CB 3 Committee Asks DOT for Protected Bikeway on Chrystie Street
The community board covering the Lower East Side and Chinatown is set to ask DOT to transform the Chrystie Street bike lane from barely visible stripes blocked by double-parked cars into a two-way protected bikeway along Sara D. Roosevelt Park, connecting the Manhattan Bridge with the Second Avenue protected bike lane.
The transportation committee of Manhattan Community Board 3 voted unanimously Wednesday night to ask for the upgrades on the recommendation of Dave “Paco” Abraham and other Transportation Alternatives volunteers, who presented the idea last month [PDF]. The request is moving ahead now because Chrystie Street is scheduled for milling and paving this year, providing an opportunity to redesign the street.
DOT staff at Wednesday’s meeting welcomed the resolution. “We are looking to resurface the road this year, so we will come back to the community once a design is put together,” DOT Manhattan Liaison Colleen Chattergoon said.
At the southern end of Chrystie Street, the city is planning to rebuild the Manhattan Bridge bike path landing to include a pedestrian-friendly plaza space next to the bikeway. At Chrystie’s northern end, advocates hope a two-way bikeway on the east side of the street can eliminate the need for southbound cyclists on Second Avenue to maneuver across multiple lanes of car traffic in order to continue southbound.
Between Canal and Houston, the two-way bikeway would only cross automobile traffic at Grand and Delancey Streets, since other cross streets in the neighborhood form “T” intersections and do not continue through the park. The two-way bikeway alignment could also create opportunities for pedestrian islands on the crowded street.
The redesign request is supported by the Sara D. Roosevelt Park Coalition. Kathleen Webster, the group’s president, asked the committee to make sure the resolution noted the senior centers, schools, elderly population, and high pedestrian volumes in the area, including a senior center within the park itself. CB 3 District Manager Susan Stetzer asked the committee to request that DOT conduct community visioning sessions to inform the final design. Both requests were added to the resolution.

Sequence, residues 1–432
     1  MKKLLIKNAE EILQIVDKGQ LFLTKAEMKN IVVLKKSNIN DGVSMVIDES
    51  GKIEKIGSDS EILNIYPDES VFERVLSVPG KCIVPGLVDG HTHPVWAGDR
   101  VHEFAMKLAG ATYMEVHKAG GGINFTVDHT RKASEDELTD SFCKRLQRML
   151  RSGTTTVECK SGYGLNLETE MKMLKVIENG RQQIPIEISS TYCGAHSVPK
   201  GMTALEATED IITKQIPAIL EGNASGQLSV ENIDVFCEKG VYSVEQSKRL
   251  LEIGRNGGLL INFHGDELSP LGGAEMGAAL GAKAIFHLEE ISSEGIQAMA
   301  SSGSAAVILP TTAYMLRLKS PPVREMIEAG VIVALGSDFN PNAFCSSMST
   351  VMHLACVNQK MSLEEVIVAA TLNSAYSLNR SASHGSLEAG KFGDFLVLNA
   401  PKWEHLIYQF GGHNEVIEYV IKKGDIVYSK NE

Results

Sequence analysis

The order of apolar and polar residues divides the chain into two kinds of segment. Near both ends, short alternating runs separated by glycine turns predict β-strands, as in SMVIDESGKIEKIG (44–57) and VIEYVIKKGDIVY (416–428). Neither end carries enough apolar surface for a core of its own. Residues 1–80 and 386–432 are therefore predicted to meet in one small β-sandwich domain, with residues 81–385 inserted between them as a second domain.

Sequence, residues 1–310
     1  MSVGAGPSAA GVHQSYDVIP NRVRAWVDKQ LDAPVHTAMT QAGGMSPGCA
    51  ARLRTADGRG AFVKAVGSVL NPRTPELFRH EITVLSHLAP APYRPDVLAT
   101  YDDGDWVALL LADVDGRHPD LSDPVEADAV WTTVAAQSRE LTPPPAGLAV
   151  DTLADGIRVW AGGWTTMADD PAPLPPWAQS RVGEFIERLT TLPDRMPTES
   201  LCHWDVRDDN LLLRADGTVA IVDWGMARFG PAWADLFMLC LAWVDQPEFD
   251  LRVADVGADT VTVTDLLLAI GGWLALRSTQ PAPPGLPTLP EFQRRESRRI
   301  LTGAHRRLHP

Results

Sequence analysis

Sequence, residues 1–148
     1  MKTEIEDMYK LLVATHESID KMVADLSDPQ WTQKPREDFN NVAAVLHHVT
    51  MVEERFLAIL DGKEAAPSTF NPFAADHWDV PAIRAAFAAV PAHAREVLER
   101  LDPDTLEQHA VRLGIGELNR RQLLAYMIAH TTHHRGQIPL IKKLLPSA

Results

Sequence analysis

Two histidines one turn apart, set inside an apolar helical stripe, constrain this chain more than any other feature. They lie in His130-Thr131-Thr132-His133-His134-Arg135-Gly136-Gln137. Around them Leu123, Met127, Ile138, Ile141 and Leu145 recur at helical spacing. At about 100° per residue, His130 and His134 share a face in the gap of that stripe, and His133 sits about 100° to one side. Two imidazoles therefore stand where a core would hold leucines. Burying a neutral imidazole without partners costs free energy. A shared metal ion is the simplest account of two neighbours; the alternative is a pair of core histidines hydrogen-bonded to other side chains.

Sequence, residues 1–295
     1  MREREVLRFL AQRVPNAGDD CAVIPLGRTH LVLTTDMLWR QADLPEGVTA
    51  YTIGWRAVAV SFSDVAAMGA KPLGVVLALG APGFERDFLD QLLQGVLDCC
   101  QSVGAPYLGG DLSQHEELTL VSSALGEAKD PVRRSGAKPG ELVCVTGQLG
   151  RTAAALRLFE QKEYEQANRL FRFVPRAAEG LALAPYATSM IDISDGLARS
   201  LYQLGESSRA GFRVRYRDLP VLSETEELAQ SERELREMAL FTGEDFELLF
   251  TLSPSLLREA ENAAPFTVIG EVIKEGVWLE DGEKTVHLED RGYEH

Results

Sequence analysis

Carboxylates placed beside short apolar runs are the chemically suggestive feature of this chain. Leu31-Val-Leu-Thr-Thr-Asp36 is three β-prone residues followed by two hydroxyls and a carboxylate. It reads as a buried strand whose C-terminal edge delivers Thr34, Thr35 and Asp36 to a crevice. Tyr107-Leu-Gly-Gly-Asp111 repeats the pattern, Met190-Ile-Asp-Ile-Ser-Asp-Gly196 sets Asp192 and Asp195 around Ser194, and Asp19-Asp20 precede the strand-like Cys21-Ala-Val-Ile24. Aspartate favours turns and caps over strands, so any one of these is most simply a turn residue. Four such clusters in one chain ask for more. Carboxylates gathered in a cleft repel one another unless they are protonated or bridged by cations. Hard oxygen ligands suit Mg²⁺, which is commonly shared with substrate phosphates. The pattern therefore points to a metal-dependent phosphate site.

The resolution now goes to the full board, which meets on February 24 at 6:30 p.m. at P.S. 124, 40 Division Street.
The committee also considered a request from the Chinese Chamber of Commerce of New York to move the Citi Bike rack at Confucius Plaza to make room for a row of cherry trees. The chamber suggested moving the station to a nearby sidewalk or parking lane on Division Street, but DOT opposed moving the station and board members were also concerned that moving the station would in turn displace a commuter van drop-off zone on Division. The committee did not take up a resolution backing the chamber’s request.
The committee unanimously supported a request from parents at P.S. 110, the Florence Nightingale School, for a DOT school safety study. The school is located on Delancey Street, just south of the Williamsburg Bridge and Baruch Houses, and is bounded by narrow Cannon and Broome Streets, which are often used by parents with cars for drop-off. “These roads are tiny, tiny little roads,” said Chad Marlow, whose daughter is in kindergarten at the school. He hopes the streets could eventually be made car-free. “I think it would be wonderful if we did something before a kid got hurt.”
The Department of Design and Construction presented details of an already-approved Safe Routes to School project that will add five neckdowns at Strauss Square, which is bounded by Canal Street, Rutgers Street, and East Broadway near Seward Park [PDF]. Construction is set to begin this month and expected to be complete in the fall.